• About 1 in 4 college students report academic consequences from drinking, including missing class, falling behind in class, doing poorly on exams or papers, and receiving lower grades overall.
  • About 20 percent of all college students meet the criteria for Alcohol Use Disorder (AUD).

If you are in college, and you’ve been binge drinking, you are not exempt from falling victim to the dangers of excessive drinking. You could end up a statistic – if you already aren’t one. Stop the madness. If you’re going to drink (and we recommend that you don’t), be sure and drink responsibly. Have a young son or daughter? Here are three signs they may be abusing alcohol.

What You Should And Shouldn’t Do For Someone With Alcohol Poisoning

Again, many people mistake alcohol poisoning for plain old drunkenness. This type of ignorance can be detrimental to someone’s safety. If you have even the tiniest bit of suspicion that someone has alcohol poisoning, you should err on the side of caution. It’s better to get a drunk friend to the hospital and have them wake up mad at you in the morning than for them to not wake up at all. Here are some helpful tips to keep in mind if you think someone has alcohol poisoning:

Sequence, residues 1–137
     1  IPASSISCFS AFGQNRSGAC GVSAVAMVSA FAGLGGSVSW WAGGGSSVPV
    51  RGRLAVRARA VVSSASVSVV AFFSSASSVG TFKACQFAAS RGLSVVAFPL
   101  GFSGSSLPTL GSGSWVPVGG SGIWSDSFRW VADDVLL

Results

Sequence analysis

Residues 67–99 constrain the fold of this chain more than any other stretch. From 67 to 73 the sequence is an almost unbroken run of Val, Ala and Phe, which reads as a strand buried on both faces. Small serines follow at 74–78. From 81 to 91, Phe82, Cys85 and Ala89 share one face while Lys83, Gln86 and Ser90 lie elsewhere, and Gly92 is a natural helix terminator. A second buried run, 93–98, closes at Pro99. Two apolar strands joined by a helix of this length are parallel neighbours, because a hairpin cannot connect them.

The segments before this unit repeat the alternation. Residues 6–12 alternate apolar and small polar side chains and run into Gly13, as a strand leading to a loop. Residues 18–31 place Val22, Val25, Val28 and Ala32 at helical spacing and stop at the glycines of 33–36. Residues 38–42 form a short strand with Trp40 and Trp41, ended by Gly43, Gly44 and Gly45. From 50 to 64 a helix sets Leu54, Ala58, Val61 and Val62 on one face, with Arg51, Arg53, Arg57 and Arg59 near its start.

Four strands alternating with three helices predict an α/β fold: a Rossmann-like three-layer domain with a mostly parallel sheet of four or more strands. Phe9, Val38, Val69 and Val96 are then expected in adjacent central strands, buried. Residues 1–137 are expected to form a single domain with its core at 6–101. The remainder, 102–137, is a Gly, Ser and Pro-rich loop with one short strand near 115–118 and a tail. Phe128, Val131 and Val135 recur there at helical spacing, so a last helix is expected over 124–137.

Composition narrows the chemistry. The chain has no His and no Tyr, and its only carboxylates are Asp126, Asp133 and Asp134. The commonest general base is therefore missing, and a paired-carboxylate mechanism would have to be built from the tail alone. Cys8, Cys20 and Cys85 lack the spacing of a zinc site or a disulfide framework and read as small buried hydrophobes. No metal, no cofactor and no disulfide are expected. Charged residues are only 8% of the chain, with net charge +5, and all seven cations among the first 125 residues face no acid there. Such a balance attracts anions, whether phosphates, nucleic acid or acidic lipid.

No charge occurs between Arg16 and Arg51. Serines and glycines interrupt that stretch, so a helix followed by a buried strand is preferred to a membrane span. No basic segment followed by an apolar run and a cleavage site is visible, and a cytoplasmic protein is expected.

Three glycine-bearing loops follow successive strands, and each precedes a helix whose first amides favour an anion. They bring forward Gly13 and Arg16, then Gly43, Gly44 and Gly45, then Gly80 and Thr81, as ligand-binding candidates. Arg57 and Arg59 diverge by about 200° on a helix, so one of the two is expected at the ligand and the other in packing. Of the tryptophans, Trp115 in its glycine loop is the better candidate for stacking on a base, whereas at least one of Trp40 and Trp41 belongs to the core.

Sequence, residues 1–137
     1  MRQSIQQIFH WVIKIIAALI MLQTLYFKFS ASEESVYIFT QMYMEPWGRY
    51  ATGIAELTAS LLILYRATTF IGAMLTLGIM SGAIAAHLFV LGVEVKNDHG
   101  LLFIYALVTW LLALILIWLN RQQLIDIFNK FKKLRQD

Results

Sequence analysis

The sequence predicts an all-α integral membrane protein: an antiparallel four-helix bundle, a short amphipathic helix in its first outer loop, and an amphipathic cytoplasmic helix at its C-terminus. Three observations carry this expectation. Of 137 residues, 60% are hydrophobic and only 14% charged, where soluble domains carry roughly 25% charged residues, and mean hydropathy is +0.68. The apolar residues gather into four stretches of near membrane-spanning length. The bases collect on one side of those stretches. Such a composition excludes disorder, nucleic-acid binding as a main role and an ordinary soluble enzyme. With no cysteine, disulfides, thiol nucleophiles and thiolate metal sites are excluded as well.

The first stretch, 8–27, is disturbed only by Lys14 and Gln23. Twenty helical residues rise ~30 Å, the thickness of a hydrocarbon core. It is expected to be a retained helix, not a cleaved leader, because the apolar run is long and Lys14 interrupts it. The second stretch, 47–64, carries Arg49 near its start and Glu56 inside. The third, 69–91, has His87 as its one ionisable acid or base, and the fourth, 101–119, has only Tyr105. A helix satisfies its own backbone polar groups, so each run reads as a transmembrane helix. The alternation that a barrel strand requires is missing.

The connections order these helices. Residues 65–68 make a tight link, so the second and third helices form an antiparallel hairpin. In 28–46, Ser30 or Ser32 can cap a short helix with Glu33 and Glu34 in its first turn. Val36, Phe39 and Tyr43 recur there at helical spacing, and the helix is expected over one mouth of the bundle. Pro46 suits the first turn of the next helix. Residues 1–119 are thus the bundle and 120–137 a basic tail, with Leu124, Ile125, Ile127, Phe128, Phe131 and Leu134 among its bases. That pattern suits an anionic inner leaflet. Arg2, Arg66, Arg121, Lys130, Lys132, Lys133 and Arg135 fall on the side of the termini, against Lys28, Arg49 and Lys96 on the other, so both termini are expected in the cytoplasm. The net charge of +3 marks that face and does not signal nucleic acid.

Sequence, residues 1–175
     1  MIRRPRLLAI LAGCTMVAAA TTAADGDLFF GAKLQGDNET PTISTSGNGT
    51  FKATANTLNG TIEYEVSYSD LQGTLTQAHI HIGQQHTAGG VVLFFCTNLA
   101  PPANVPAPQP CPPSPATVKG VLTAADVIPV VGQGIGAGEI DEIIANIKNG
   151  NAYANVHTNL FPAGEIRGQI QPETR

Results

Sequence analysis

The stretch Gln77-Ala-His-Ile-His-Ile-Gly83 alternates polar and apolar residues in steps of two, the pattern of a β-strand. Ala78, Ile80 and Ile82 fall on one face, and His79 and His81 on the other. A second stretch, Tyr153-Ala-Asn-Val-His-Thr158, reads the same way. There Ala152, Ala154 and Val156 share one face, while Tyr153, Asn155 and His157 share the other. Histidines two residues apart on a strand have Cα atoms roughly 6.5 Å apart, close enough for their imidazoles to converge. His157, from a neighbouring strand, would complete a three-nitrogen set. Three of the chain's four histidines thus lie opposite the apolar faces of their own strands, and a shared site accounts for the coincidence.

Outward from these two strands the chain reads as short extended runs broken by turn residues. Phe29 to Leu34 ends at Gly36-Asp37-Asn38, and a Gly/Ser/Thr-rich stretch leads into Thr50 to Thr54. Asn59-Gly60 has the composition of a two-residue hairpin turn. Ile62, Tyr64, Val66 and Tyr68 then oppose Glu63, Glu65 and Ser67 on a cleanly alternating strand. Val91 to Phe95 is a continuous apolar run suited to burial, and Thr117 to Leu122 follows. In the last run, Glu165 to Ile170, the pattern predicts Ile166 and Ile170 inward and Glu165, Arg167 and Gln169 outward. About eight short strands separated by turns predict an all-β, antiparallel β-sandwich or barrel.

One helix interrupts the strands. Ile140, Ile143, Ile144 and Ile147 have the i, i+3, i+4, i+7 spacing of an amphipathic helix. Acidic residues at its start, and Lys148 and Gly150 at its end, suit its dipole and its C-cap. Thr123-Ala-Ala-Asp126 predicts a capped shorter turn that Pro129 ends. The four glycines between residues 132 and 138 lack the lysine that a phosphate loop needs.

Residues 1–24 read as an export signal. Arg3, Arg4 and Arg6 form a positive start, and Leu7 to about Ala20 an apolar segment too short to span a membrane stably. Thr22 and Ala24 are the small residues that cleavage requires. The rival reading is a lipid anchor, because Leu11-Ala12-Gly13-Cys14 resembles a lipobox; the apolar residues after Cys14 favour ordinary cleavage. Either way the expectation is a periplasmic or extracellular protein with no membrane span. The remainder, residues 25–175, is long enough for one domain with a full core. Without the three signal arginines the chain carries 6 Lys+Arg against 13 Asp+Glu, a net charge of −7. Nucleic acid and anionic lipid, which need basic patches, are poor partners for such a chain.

• Don’t be afraid to call 9-1-1. Alcohol poisoning doesn’t just go away. It requires medical attention. You can’t handle this one on your own. Get help – even if the person is angry and belligerent. This could be a life or death decision. Choose life.
  • If someone is throwing up, keep them upright. Alcohol poisoning effects the gag reflex. It is very easy for someone with alcohol poisoning to choke on their own vomit and die.
  • Don’t let the person go to sleep. It is very easy for someone with alcohol poisoning to slip into a coma. Keep them awake and talking.
  • Coffee is not a sobering agent. Many people mistakenly believe you can sober someone up by giving them coffee. This is not true. Not only that, coffee dehydrates the body and someone with alcohol poisoning is already severely dehydrated.
  • You can’t sober someone up by putting them in a cold shower. Furthermore, this is dangerous. Putting someone in a cold shower can lower the body temperature of the person, which can be life-threatening. Do not make this mistake.